Libra Chair Says Bitcoin Is Not A Payment System

Libra Exec Argues That It’s Needed Because Bitcoin Isn’t A Payment System

Dante Disparte, vice chairman of the Libra Association, spoke at the Digital Money Forum at the Consumer Electronics Show (CES) in Las Vegas on Tuesday (Jan. 7), arguing for Libra and against bitcoin as a payment system, according to CoinDesk.

“Bitcoin as an asset class has proven that mathematical scarcity can support an incredibly exciting asset,” Disparte said. “It’s not a means of payment. It just isn’t.”

The Libra Association is a group of companies that came together to launch Libra, a digital currency meant to help the millions of unbanked people around the world, according to Facebook. It would work with each company controlling a node, and only companies approved by previous members could join. 

“The bottom rung of the ladder of economic mobility is payment access,” Disparte said.

He added that a lack of access is what drew him to Libra, and that the digital currency was attempting to fix a complicated problem.

“How do you drive mass adoption?” he said. “How do you remove insidious levels of friction that basically make it cost-prohibitive to give people access to payments?”

Akin Sawyerr, a strategy lead on the Decred project, was also on the panel with Disparte.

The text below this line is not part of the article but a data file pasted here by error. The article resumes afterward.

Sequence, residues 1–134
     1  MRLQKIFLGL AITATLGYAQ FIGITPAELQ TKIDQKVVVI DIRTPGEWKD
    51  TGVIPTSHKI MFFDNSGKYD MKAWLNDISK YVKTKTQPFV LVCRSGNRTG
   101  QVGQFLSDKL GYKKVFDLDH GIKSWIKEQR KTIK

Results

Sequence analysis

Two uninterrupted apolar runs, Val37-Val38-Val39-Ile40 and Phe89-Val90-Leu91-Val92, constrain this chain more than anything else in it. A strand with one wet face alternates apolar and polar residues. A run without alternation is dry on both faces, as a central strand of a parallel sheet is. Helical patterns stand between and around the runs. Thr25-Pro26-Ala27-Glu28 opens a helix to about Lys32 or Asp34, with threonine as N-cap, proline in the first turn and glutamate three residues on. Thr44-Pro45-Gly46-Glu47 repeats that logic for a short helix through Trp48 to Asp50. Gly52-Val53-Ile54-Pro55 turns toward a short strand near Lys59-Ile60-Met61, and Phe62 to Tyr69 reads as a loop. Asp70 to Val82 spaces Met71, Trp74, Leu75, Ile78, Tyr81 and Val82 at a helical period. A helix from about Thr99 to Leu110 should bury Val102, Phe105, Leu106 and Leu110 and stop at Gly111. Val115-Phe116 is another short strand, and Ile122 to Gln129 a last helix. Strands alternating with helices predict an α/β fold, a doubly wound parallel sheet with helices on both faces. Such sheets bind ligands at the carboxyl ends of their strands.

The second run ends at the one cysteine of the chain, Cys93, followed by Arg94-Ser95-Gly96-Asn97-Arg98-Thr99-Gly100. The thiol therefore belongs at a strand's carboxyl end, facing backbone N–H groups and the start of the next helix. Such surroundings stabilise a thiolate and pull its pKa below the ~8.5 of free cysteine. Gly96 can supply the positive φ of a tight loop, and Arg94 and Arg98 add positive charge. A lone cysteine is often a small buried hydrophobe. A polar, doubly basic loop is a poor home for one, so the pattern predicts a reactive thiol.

“I’m not convinced that a council of self-interested companies can do money better than a decentralized system,” Sawyerr said. “The only way to really get there is to empower the individuals to have some base-level sovereignty.”

By sovereignty, Sawyerr meant a person having complete control over their own money. For example, with bitcoin, as long as a person has their own keys, there’s no way anyone can take it from them, he argued. He believes that a group of large corporations are going to be very resistant to censorship.

Many companies — like Visa, PayPal and Mastercard — left the association in October.



The PYMNTS Cross-Border Merchant Friction Index analyzes the key friction points experienced by consumers browsing, shopping and paying for purchases on international eCommerce sites. PYMNTS examined the checkout processes of 266 B2B and B2C eCommerce sites across 12 industries and operating from locations across Europe and the United States to provide a comprehensive overview of their checkout offerings.